A digital magazine on sexuality in the Global South: We are working towards cultivating safe, inclusive, and self-affirming spaces in which all individuals can express themselves without fear, judgement or shame

intersectionality

Desire: An Intersectional Perspective

“As a tool of social control, women have been encouraged to recognize only one area of human difference as legitimate, those differences which exist between women and men… But our future of survival is predicated upon our ability to relate within equality. As women, we must root out internalized patterns of oppression within ourselves if…

Use Your Power to Empower

Some weeks ago, I was invited by the British High Commission to give a talk about sexual harassment at the workplace. I always preface my talks on this subject by talking about gender sensitivity, unconscious bias, harmful gender norms, and being aware of our own power and privilege.   One of the pieces of positive…

Video: What Is Intersectionality? | Queer 101 | The Advocate

Would you be able to describe yourself in one word? The Advocate’s Ashley Jiang begins by telling us she has and is a lot of words – brought together in the word ‘intersectional’. With wit and insight, Ashley unpacks intersectionality, explores the connections between feminism, marginalisations, and popular media, and tells us what we can…
A photograph of two yellow flowers blooming amid grass. Dark green leaves are emerging from behind the flowers' petals.

Editorial: Representation and Sexuality

We are, all of us, trying to hold steady, and to hold space for each other and for ourselves. And so, instead of trying to put together a collection of ‘all new’ articles, this time we are republishing some ‘ever fresh’ ones on the theme of Sexuality and Representation.
An abstractly made illustration of a landscape with mountains depicted in yellow, and below, a blend of green-blue to depict oceans. The texture of the colours evokes waves as well as ice. On the left is a paper boat, yellow-white with blue-green hues, carrying a red rose-like flower in the middle.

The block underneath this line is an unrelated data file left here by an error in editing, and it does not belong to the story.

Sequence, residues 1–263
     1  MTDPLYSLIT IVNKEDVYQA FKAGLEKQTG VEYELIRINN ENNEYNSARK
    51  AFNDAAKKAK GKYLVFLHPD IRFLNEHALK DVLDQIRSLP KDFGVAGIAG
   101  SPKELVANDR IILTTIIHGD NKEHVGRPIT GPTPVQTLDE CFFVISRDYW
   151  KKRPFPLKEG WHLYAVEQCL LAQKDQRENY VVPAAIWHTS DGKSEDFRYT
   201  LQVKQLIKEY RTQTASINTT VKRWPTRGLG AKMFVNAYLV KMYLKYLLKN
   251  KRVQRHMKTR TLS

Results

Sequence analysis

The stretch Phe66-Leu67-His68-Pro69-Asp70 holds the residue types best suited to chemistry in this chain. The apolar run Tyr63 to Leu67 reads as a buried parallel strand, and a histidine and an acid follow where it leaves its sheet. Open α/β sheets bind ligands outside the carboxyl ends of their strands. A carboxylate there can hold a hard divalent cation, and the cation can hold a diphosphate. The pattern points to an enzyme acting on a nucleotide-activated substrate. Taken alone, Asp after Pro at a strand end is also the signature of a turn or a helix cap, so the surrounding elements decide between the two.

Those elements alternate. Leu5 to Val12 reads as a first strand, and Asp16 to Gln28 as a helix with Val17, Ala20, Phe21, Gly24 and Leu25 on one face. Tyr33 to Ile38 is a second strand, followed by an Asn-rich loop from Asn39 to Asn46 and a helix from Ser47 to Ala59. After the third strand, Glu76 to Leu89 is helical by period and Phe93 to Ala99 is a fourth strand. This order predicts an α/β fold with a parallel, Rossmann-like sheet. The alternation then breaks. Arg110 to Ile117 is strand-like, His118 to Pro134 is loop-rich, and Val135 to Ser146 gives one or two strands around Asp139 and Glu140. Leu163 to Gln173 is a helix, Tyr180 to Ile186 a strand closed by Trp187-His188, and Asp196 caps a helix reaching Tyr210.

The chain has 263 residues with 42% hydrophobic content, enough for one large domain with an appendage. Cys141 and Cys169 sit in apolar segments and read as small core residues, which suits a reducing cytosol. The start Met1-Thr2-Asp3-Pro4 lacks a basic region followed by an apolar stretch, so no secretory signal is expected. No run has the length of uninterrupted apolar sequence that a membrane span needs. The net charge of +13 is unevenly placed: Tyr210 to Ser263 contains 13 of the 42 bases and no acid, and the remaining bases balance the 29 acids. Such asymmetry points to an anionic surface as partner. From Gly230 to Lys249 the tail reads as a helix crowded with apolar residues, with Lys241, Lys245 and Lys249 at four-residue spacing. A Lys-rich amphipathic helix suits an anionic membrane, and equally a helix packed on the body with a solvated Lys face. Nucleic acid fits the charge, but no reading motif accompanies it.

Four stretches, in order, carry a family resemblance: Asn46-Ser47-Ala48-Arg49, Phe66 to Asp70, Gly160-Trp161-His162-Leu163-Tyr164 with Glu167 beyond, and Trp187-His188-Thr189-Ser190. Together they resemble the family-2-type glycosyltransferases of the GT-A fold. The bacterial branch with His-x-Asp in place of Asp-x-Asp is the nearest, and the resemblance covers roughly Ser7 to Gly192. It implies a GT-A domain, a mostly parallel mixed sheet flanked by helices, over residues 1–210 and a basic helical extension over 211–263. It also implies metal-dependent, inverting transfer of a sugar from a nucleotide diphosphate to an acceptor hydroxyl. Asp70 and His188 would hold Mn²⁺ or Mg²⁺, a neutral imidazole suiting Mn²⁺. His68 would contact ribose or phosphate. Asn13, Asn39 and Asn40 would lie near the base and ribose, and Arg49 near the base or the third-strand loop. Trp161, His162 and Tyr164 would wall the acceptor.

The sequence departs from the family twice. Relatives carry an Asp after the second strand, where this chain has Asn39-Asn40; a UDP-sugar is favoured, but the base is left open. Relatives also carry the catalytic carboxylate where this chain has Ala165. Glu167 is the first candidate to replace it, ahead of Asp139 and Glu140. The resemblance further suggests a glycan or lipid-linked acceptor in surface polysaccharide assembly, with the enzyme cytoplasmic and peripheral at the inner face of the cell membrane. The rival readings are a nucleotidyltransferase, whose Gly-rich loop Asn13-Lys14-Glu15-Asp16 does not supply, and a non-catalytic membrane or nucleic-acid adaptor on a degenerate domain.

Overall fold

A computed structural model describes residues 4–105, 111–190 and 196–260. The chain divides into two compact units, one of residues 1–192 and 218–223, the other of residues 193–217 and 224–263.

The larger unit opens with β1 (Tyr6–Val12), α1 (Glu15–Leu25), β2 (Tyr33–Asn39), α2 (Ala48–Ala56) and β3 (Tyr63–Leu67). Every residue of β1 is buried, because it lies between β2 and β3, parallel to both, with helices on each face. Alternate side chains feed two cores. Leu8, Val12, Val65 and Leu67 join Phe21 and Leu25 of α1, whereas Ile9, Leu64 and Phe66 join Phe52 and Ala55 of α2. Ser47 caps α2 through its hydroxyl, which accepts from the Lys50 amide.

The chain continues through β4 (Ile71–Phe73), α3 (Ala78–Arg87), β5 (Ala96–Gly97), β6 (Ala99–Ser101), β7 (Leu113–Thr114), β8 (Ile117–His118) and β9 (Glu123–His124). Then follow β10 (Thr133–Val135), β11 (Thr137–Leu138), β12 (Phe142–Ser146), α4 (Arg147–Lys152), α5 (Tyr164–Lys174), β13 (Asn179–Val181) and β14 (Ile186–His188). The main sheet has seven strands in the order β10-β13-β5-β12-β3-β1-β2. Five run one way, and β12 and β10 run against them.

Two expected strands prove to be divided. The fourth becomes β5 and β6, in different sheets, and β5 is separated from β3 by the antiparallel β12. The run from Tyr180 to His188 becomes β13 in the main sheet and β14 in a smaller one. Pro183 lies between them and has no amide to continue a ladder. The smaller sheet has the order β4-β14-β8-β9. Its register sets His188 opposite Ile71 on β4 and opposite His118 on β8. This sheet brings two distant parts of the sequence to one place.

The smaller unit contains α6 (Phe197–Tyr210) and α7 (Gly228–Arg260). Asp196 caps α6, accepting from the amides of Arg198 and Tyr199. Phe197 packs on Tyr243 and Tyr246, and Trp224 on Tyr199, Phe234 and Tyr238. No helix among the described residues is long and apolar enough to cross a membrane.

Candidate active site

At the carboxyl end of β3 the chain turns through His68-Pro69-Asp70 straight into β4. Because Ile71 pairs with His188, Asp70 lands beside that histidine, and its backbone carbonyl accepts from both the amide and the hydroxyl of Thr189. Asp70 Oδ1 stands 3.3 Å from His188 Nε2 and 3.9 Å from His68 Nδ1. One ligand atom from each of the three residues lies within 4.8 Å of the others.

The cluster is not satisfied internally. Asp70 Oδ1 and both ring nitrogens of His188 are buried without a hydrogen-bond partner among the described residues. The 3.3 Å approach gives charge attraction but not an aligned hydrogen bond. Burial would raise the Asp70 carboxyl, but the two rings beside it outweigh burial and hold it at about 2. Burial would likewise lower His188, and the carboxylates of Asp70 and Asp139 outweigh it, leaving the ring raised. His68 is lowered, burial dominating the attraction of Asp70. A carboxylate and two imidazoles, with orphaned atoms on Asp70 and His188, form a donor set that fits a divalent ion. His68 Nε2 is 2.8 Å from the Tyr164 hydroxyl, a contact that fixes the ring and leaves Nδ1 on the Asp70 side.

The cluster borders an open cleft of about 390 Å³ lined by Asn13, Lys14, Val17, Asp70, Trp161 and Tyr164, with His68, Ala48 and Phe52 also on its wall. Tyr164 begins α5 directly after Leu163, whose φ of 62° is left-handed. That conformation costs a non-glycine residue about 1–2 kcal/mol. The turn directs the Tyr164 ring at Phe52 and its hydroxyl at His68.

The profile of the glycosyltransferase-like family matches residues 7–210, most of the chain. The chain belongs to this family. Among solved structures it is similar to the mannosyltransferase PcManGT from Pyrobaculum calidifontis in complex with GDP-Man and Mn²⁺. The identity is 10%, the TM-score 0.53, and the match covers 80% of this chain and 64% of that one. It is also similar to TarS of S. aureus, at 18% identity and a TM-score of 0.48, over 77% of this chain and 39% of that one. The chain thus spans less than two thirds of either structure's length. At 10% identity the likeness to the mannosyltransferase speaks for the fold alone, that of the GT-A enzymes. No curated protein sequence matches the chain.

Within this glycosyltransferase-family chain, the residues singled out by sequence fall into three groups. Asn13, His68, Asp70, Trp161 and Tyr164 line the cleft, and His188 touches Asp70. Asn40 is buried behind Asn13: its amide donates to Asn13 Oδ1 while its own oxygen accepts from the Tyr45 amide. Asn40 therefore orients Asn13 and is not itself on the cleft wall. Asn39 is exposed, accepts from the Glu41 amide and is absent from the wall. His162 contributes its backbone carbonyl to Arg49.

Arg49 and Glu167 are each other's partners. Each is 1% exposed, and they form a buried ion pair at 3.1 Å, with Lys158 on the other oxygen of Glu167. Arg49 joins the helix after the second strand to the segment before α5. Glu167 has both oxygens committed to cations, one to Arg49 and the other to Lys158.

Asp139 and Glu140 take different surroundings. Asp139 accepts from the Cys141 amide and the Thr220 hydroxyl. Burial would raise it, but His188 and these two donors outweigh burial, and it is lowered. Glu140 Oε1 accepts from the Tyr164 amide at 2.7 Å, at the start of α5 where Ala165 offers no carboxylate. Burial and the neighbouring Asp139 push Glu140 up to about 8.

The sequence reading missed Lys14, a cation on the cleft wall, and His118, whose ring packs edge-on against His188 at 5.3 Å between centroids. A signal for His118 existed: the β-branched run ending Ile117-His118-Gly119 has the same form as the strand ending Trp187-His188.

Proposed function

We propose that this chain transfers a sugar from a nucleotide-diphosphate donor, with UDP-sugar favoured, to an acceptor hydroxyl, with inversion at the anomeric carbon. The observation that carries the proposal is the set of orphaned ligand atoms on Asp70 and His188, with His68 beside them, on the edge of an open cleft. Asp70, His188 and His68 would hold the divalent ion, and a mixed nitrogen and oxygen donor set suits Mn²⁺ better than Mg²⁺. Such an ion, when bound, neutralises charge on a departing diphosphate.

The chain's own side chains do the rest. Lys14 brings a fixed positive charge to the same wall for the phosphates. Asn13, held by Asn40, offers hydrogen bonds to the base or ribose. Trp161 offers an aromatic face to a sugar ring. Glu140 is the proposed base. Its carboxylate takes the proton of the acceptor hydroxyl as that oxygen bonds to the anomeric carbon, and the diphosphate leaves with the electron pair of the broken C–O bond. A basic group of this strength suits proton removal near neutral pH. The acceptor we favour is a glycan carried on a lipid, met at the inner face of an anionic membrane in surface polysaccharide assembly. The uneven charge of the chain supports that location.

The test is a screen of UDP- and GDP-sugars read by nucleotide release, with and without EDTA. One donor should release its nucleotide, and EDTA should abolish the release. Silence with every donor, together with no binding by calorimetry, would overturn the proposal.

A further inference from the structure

Swipe me left, I’m Dalit

Dalit women are primarily viewed as victims and survivors of various kinds of violence. Reification of the Dalit identity has led to the boxing of our existence whose dimensions are solely defined by the savarna (dominant caste) gaze. Our self-assertions of identity are commodified to create a warped limiting of our lives, creating an image that is voiceless in the minds of our potential suitors. We are not seen as being capable of desire, love or happiness; we don’t exist as individuals outside of violence.
An abstractly painted image with magenta and blue and splashes of red, yellow, and black colour. In the background, two brown-black silhouettes.

Issue in Focus: The Heart of Being

To chase down our own vulnerabilities around sexuality is a short run around the corner, five minutes ago, last night sleeping alone, with a lover, a partner who lost interest, the Insta post that leaves you feeling you’re not good enough for the hug, the kiss, the cuddle and are you perhaps the A of LGBTQIA+?
A photograph, against a dark background, of a zoomed-in fence with a square lock hanging. The lock is painted red, left un-coloured in a heart shape in the middle.

Should I Say I Love You?

Being vulnerable helps boost our self-esteem and self-worth by pushing us out of our comfort-zone. It provides us with an opportunity to overcome obstacles and reach deep down within ourselves to find strength and confidence to keep going even when the odds are against us.

There I sat down and wept

“Be yourself, Sarah. Awkward smiles, empty silences, weird laughter, and all. It’s just a part of being human. Loving someone physically is never not awkward. Even if it’s a monogamous relationship. It’s only the comfort of familiarity that makes you think otherwise.”
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